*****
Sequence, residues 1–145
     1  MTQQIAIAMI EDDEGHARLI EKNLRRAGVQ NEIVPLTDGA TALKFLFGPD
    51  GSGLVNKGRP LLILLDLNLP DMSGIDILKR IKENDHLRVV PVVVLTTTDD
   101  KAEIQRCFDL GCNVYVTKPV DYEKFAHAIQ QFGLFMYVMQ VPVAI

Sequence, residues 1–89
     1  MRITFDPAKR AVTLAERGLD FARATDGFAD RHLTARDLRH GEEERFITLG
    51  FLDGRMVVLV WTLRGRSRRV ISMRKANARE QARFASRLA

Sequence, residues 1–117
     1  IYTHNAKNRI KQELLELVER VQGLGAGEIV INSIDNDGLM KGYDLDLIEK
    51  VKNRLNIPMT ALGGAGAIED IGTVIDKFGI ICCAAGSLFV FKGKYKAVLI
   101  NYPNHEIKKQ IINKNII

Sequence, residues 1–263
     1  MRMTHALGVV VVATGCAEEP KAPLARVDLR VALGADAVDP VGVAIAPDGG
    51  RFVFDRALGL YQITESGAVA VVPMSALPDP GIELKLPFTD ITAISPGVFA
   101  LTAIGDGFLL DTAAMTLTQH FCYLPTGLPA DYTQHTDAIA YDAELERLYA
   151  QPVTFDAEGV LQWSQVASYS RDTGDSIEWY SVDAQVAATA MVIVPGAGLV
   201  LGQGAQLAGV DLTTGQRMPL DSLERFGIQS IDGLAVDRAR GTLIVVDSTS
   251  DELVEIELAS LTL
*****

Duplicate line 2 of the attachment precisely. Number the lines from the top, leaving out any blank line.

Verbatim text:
     1  MTQQIAIAMI EDDEGHARLI EKNLRRAGVQ NEIVPLTDGA TALKFLFGPD